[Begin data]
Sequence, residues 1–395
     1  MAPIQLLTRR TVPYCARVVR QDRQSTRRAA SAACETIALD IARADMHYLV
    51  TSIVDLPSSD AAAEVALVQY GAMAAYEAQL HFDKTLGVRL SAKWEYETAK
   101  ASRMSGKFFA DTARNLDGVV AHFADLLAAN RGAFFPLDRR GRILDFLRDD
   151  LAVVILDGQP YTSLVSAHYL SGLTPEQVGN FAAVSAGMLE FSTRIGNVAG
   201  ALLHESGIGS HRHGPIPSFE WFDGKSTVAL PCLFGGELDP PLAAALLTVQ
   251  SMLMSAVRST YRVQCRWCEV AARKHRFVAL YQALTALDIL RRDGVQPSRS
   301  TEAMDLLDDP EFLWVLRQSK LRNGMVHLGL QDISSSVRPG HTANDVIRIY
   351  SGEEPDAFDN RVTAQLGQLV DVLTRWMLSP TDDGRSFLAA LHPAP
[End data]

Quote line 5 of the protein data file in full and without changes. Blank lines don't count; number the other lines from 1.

   151  LAVVILDGQP YTSLVSAHYL SGLTPEQVGN FAAVSAGMLE FSTRIGNVAG